by Dr. Leah Alexander
Dr. Leah Alexander, M.D., F.A.A.P. began practicing pediatrics at Elizabeth Pediatric Group of NewJersey in 2000. She has been an independently contracted pediatrician with Medical Doctors Associates at Pediatricare Associates of New Jersey since 2005. After graduating from Kalamazoo College and Michigan State University College of Human Medicine, she completed her pediatric residency at Overlook and Morristown Memorial Hospitals. She is board certified in General Pediatrics. Outside of the field of medicine, she has an interest in culinary arts.
Toddler Nutrition is Ripe for Change
Many parents worry about their toddler’s nutritional health, wondering whether or not they are providing the best foods for optimal growth and development. The “happy to eat everything” infant becomes a child who refuses the very same foods he or she once loved. This can be very frustrating for any parent, and even more so if their child has a food allergy. The kid-friendly, but low nutrient foods often served in daycare settings can contribute to this problem. Add a busy parent schedule along with an “on the go” lifestyle, and the result is a toddler who has become a “picky eater.”
The quality of nutrition a child receives early in life affects brain development. Important cognitive and social skills develop during the toddler years. According to Harvard Medical School, most children do not consume enough nutrients
in their diets for optimal brain health despite the best efforts of parents. Having one or more food allergies makes providing nutritional balance even more difficult. So, how can we as a society do better for our children?
The World Health Organization (WHO) has made an effort to establish standards for infant and child nutrition. Primarily, they recommend breastfeeding until the age of two. This is due to the increased bioavailability of calcium, and the presence of docosahexaenoic acid (DHA) and arachidonic acid (ARA) in breast milk. Studies also show that skills such as problem-solving, short-term memory, and attention span are affected by the quality of nutritional intake. Although breastfeeding until the age of two is recommended, it is not practical for many mothers for a variety of reasons. In 1981, the WHO collaborated with a global group of nutrition experts to develop standards for infant formulas. This was an effort to maintain consistency in the nutritional value of such products worldwide. Since then, manufacturers have extrapolated these concepts to develop nutritional beverages for toddlers. With so many obstacles to getting appropriate nutrition, a novel product such as ELSE offers a solution.
Current State of Toddler Formulas
There are several toddler formulas currently on the market, but little has been discussed about their nutritional value. Many parents consider these formulas to be superior to milk because they are fortified with vitamins. Creative marketing has also made them very appealing. Due to their popularity, the American Academy of Pediatrics (AAP) issued an opinion statement: except for situations of medical necessity (i.e. food allergy, gastrointestinal disorder), the AAP does not recommend toddler nutritional beverages, only milk or water. For most of the available formulas, milk is the first ingredient, but the second or third is sugar. Some formulations contain more than one form of sugar. Since the majority of brain growth and myelination occurs during the first two years of life, diets rich in fatty acids are important. Organic toddler formulas are no better; they also have a high sugar content.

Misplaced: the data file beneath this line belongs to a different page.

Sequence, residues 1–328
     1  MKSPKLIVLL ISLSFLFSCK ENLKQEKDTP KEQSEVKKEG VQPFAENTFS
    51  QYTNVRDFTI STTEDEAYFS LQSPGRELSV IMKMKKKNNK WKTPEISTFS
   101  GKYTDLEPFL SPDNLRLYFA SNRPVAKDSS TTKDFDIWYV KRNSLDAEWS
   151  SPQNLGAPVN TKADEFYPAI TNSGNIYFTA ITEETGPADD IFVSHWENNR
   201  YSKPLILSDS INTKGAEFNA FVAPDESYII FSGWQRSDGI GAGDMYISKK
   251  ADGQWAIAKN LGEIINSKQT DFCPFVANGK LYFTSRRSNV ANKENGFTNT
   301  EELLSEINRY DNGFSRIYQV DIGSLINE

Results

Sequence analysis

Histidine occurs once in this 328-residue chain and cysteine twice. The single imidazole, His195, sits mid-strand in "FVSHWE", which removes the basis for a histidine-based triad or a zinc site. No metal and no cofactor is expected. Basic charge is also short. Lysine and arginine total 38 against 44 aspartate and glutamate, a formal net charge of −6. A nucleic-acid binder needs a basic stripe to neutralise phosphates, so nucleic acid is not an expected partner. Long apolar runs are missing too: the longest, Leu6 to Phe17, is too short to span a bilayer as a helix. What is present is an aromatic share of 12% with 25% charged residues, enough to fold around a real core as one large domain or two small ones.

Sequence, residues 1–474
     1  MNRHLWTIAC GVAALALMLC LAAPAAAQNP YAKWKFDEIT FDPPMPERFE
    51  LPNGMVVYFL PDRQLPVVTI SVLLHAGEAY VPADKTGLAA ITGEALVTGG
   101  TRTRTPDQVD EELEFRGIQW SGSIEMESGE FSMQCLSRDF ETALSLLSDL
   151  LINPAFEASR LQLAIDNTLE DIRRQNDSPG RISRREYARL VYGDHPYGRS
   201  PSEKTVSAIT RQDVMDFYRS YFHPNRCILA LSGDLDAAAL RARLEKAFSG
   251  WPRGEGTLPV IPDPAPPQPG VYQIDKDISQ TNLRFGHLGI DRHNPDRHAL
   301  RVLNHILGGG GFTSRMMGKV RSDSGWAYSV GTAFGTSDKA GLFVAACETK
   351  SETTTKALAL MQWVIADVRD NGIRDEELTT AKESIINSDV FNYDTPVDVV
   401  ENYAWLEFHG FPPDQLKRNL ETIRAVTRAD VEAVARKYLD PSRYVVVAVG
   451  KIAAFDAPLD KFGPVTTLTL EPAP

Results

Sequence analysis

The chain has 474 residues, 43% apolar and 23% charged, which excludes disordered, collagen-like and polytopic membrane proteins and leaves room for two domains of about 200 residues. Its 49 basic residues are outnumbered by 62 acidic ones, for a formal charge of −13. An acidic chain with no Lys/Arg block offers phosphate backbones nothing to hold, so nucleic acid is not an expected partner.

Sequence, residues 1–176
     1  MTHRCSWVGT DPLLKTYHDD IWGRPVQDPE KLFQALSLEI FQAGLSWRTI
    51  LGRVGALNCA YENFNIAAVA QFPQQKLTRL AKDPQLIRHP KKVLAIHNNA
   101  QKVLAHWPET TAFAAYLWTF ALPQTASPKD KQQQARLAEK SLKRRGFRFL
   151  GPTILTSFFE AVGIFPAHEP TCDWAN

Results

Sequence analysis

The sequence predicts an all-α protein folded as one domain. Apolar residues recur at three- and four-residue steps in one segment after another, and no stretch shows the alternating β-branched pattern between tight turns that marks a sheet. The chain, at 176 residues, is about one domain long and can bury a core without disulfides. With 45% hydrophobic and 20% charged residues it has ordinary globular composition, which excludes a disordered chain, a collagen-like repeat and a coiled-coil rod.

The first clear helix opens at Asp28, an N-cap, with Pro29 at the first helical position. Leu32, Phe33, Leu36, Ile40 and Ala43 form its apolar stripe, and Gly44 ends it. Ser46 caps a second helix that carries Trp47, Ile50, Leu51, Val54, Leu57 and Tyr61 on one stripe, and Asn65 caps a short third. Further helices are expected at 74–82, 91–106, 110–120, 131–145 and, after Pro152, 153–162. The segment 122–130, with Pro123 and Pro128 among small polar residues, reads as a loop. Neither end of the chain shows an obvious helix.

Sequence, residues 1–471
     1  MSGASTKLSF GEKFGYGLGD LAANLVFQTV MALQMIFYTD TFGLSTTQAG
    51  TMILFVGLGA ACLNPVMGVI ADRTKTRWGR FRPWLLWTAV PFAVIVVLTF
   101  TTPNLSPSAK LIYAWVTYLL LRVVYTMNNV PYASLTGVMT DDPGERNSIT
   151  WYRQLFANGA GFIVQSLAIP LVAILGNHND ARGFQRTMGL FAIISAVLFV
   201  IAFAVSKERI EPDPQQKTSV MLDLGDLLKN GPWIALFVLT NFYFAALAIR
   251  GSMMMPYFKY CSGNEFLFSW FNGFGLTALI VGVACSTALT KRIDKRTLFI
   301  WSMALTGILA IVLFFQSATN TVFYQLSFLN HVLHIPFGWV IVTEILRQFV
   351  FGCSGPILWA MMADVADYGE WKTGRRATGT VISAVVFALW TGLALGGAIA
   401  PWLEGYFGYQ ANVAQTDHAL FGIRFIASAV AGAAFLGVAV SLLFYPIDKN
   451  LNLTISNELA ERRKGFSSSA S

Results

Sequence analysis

When toddlers have a milk or soy allergy, choosing an alternative form of “milk” can be more challenging. Although many infants outgrow such allergies by their first birthday, some do not. In clinical practice, many parents are frustrated enough to continue giving the hydrolyzed or hypoallergenic formula their child took as an infant. Others, frustrated by the cost of these specialty formulas, resort to giving their toddler one of the milk alternatives available on the market. These options, such as goat milk, nut milks, and oat milk, do not provide an adequate amount of the fat toddlers need for brain myelination. The AAP has recommended soy milk due to its higher fat content, but this is not an option for those with a soy allergy. Popular culture has also promoted negative opinions on the consumption of soy, so many parents avoid it.
A Real, Plant-based Toddler Formula Alternative
Fortunately, a real alternative is available: ELSE. It is a milk-free, soy-free toddler nutritional drink, and an alternative to toddler formula or toddler milks. Unlike other products on the market, it is derived from almonds and buckwheat. It has been formulated according to the Codex guidelines developed by the WHO collaboration, but it also exceeds these basic requirements. ELSE differs from other toddler beverages in that it contains significantly less sugar, and of course is dairy-free and soy-free. ELSE has no cholesterol, less sodium, and more fiber. All ingredients are non-GMO and vegan. This is especially appealing to families who choose a vegan lifestyle. ELSE contains the particular nutrients a toddler needs.
Because of its creative formulation, ELSE toddler formula alternative stands out as a unique product for ages 12 to 36 months. During the toddler “picky eater” phase, it may be just the product parents need to supplement their child’s limited diet. The convenience and high-quality ingredients should encourage parents to choose something… ELSE.
The content and advice provided in this article is for informational purposes only and is not a substitute for medical diagnosis, treatment, advice for specific medical conditions. Always consult a pediatrician to understand the individual needs of your child.